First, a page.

The wreck-it guy was standing on the roof next to Felix and the little people, his huge arms hanging down in defeat just like always, but . . . he was smiling! The boy's mouth opened quizzically as he stared at the pixel face that was supposed to be in a pouty little frown, but instead, was grinning from one 8-bit mutton chop to the other. He grinned while the little people from the building hoisted him up in the air and carried him the edge of the building, and there, just before they were about to toss him off . . . he turn and looked at the boy.
The boy jumped in shock and jolted back from the game console. He quickly whipped off his glasses and wiped them on his shirt, but even after he put them back on, the wrecking guy was still staring straight at him! Not only that, but the people weren't throwing him off the building like they should be; they were just standing there, almost like they were holding him up so he could look at something . . .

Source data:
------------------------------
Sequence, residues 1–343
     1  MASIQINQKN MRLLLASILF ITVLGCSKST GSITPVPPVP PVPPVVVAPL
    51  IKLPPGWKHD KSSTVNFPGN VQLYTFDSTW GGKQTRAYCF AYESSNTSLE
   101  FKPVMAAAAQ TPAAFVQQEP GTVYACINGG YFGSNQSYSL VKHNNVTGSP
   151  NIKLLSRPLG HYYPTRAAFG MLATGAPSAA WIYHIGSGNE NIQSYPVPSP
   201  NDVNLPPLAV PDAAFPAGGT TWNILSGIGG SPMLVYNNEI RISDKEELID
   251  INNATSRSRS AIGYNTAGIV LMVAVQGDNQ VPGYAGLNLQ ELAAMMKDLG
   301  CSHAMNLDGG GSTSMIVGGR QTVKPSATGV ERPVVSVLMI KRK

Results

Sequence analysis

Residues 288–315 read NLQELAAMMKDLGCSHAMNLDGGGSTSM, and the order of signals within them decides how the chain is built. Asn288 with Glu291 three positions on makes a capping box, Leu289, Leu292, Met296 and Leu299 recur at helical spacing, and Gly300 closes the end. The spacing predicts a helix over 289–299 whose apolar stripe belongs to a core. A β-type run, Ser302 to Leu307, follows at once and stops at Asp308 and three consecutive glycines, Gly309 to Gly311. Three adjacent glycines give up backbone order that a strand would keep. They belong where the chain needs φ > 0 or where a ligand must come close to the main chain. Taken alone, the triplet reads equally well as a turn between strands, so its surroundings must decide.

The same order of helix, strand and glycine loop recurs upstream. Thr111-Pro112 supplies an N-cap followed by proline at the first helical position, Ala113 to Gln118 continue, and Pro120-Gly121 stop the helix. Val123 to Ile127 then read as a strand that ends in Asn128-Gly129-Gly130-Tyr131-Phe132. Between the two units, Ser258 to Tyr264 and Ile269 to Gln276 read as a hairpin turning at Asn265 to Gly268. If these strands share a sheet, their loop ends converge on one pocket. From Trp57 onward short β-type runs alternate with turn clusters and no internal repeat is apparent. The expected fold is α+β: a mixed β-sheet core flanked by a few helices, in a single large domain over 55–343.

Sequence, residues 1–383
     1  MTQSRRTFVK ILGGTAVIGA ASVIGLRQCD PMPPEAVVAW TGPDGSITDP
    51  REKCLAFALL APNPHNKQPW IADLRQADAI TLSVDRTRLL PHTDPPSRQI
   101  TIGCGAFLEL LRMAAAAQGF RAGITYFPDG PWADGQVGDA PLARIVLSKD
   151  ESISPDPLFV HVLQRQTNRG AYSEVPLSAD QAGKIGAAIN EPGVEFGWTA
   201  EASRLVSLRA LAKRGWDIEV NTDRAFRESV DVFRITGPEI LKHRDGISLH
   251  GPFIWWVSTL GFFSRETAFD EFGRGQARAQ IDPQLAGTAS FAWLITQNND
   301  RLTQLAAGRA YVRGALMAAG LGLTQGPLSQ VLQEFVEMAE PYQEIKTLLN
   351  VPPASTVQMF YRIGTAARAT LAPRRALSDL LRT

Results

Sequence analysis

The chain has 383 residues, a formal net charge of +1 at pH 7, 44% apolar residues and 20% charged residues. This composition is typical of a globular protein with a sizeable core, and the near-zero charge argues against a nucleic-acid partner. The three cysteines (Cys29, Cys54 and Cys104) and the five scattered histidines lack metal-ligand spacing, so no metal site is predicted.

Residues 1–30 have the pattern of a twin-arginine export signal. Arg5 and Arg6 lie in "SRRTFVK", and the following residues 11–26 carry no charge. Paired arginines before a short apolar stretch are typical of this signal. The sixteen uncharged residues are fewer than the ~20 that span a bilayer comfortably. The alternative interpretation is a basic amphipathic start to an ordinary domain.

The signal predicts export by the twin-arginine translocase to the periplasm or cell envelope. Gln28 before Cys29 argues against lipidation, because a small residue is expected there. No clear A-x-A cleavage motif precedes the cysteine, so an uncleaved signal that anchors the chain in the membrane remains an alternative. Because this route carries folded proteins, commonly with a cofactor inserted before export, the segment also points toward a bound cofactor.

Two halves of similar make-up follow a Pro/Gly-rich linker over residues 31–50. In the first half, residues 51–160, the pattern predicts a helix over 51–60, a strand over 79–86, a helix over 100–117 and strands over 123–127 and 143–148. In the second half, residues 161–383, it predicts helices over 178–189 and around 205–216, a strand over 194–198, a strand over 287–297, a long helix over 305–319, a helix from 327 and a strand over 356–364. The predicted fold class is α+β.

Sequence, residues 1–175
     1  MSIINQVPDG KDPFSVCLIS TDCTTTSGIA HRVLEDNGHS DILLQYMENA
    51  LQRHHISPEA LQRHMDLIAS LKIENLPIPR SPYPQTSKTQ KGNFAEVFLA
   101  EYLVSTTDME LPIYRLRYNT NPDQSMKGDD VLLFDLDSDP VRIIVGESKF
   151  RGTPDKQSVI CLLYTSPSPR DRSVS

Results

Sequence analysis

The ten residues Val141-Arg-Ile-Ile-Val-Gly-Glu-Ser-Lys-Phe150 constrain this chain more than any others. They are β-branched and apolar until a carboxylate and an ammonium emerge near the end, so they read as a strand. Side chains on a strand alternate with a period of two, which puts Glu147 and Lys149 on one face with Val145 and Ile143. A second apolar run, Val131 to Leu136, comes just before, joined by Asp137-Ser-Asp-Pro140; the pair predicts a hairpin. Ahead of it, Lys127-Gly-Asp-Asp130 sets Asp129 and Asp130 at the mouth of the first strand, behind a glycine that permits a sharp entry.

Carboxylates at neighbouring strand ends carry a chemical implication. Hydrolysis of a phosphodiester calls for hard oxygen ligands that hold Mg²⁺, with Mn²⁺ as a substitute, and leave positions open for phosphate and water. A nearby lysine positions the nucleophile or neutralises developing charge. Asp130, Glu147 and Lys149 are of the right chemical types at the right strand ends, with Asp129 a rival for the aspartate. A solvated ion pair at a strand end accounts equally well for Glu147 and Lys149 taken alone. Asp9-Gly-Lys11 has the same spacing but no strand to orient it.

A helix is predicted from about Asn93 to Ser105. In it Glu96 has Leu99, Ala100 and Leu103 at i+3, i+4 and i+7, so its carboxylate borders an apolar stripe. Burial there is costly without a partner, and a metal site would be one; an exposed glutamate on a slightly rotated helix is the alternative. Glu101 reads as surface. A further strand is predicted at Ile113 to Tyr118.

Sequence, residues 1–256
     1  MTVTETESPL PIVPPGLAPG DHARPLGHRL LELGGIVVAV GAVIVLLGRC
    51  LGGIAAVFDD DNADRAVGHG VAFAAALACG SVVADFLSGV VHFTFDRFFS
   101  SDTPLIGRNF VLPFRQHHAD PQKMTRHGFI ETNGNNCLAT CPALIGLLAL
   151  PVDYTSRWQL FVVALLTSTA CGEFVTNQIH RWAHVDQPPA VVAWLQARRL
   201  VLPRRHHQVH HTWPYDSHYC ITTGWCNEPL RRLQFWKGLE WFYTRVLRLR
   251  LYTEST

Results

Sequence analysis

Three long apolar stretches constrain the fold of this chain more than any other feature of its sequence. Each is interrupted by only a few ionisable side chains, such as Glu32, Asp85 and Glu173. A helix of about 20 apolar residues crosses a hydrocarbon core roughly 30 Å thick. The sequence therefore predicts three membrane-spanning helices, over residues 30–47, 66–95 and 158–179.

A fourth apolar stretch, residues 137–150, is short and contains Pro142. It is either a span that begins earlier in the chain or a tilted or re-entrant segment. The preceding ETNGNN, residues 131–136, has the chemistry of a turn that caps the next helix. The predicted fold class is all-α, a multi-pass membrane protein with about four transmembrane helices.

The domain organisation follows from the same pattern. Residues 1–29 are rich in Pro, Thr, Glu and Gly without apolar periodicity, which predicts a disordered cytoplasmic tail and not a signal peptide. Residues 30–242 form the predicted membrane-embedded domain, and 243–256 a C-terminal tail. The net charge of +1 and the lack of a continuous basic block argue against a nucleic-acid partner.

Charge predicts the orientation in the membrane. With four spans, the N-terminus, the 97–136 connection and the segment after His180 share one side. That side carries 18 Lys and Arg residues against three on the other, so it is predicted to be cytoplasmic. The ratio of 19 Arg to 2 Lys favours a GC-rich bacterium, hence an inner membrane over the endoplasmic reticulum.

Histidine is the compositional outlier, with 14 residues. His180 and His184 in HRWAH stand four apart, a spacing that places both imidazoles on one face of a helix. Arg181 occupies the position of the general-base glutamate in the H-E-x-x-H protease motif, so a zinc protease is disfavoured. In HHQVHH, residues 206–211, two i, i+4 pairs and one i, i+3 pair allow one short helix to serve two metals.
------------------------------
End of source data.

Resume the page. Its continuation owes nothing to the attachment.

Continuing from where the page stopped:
His jaw hanging in confusion, the boy realized that the pixel eyes weren't looking at him . . . they were looking past him, at something behind him. He whirled around, but there was nothing there . . . nothing but the other game consoles. There was the old beat up Whack-a-Mole game, some dumb Bass-Fisher game, there was . . .
And then, a bright flash of something green caught the kid's eye. It was only there for a split-second, but it was there, he was positive . . . one of the characters in that kooky pink racing game had blipped onto the screen. She had only been there for half an instant, but he could have sworn he saw her flash the thumbs up in his direction . . . in the wrecking guy's direction . . . before disappearing again, leaving nothing behind her but the first-person camera play screen scrolling down the candy racetrack.